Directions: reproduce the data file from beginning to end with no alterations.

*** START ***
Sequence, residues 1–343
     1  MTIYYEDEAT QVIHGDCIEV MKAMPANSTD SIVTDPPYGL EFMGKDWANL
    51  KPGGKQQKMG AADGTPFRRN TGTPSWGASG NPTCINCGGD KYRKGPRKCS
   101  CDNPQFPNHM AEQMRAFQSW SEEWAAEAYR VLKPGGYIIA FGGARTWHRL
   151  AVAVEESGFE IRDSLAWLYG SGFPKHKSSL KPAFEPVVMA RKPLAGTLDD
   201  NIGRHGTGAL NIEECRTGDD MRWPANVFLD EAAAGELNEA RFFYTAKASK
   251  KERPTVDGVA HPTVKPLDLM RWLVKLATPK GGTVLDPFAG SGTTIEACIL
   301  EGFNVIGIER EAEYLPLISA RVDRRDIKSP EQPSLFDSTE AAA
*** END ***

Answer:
Sequence, residues 1–343
     1  MTIYYEDEAT QVIHGDCIEV MKAMPANSTD SIVTDPPYGL EFMGKDWANL
    51  KPGGKQQKMG AADGTPFRRN TGTPSWGASG NPTCINCGGD KYRKGPRKCS
   101  CDNPQFPNHM AEQMRAFQSW SEEWAAEAYR VLKPGGYIIA FGGARTWHRL
   151  AVAVEESGFE IRDSLAWLYG SGFPKHKSSL KPAFEPVVMA RKPLAGTLDD
   201  NIGRHGTGAL NIEECRTGDD MRWPANVFLD EAAAGELNEA RFFYTAKASK
   251  KERPTVDGVA HPTVKPLDLM RWLVKLATPK GGTVLDPFAG SGTTIEACIL
   301  EGFNVIGIER EAEYLPLISA RVDRRDIKSP EQPSLFDSTE AAA